Fyfe’s “Electronic Errata” chapter in DITDH examines the decreasing value of correction and copy editors in scholarly publication. This has been the trend for quite some time, as seen with the elimination of the reading boy, but it has become more pronounced with the increase of online and digital publishing.

According to Fyfe, despite the importance and increasing relevancy of this topic, copy editing and fact checking are often omitted in research on digital publishing.

Fyfe’s claims about the decreasing value of correction did not surprise me. Although I do not have a great sample that I can compare current published scholarly materials against (I entered the University in 2007, and most of my academic reading consisted of textbooks and literature until I began my graduate program in 2014), I have seen many scholarly books and articles, both online and in print, with spelling and grammar errors.

Once, in a book about editing, I found a really bad mistake that seems to have resulted from copying and pasting, which is always a dangerous affair.

We seem to live in a society that is so concerned with producing, editing is often pushed to the side, and is sometimes forgotten altogether, which is somehow both concerning and relieving to me.

It’s concerning, because copy editing is a viable career option for me. Also, I believe that errors, even tiny spelling errors, are distracting and unprofessional.

When it comes to writing articles for the IT knowledge base, I tend to focus on the small details, such as making sure all uses of “drop-down” have a hyphen or that all hyperlinks open the linked website in a new tab.

‘Enforcing’ these rules is challenging when there are multiple people writing and editing articles. With thousands of articles, it’s even challenging for me to remember how I wrote a certain word or formatted a table in an earlier article. To create consistency, I created the style guide, but it is underused.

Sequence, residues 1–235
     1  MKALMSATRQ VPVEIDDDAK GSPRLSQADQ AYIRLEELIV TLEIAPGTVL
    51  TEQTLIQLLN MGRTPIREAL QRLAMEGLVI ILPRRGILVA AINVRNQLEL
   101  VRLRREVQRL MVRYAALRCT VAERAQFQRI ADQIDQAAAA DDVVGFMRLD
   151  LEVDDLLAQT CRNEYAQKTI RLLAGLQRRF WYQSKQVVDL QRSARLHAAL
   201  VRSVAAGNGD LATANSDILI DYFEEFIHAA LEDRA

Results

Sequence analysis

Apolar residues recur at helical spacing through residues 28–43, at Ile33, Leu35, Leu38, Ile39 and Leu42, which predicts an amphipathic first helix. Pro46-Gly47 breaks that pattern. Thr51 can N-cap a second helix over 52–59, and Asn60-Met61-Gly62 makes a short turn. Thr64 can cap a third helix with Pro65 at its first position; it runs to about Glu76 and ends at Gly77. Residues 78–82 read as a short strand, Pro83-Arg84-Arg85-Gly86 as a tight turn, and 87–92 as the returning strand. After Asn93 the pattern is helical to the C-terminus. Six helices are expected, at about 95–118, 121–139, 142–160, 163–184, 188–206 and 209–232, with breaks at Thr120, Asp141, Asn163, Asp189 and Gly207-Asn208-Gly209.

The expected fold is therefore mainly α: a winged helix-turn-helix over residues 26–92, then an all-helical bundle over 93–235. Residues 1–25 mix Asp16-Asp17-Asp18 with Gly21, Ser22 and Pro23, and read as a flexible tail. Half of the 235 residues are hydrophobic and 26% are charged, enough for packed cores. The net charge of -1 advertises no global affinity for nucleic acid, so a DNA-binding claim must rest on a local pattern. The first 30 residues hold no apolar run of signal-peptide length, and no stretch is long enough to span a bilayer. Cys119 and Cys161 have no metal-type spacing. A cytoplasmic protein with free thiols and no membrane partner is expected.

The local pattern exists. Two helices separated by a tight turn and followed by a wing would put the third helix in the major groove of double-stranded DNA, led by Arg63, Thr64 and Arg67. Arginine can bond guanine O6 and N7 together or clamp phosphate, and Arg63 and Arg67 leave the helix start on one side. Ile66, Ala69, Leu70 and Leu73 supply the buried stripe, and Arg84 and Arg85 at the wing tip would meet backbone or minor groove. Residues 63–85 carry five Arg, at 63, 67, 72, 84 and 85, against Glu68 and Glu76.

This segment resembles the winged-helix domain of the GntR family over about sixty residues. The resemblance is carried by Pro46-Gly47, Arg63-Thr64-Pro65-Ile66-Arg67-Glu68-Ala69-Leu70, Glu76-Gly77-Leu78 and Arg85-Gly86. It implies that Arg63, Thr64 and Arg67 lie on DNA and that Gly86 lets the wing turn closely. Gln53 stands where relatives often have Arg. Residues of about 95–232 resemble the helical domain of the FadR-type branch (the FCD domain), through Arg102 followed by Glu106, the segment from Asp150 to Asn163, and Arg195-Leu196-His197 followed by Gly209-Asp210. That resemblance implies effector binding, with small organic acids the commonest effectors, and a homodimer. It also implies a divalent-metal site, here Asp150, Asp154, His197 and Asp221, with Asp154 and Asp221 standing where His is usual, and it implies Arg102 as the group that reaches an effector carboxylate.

It’s important to be detail oriented, but focusing on the small things gives me less time to focus on the large things, which in the end, probably matters more. Most readers looking for information will care more about accuracy and usefulness. More importantly, readers care that information is simply available.

Sometimes with time sensitive articles, I focus less on perfect wordsmithing and grammar simply to get that information to readers as quickly as possible (I do always read through my work at least once, just not as carefully, and if I get hung up on a certain word or phrase, I leave it alone). For this reason, I am relieved that the last 5% is not as necessary as it used to be.

However, I think it also depends on the formality of the publication. I do think that scholarly publications should be held to a higher standard when it comes to copy editing and especially fact checking. I think Fyfe’s conversation about crowd sourcing copy editing is interesting, but unrealistic. I think it could work well in some academic circles if one or more of the scholars in the circle are, what one might call, grammar nazis, but I think the task of copy editing should fall mostly to the author.

As I say this, I realize that it would create a lot of extra work for authors to have to learn and apply style guides, which may change from journal to journal. But it is the author’s reputation on the line and they should be responsible for their work.

However, I also think that one or two mistakes should be forgiven, so long as the content is rich.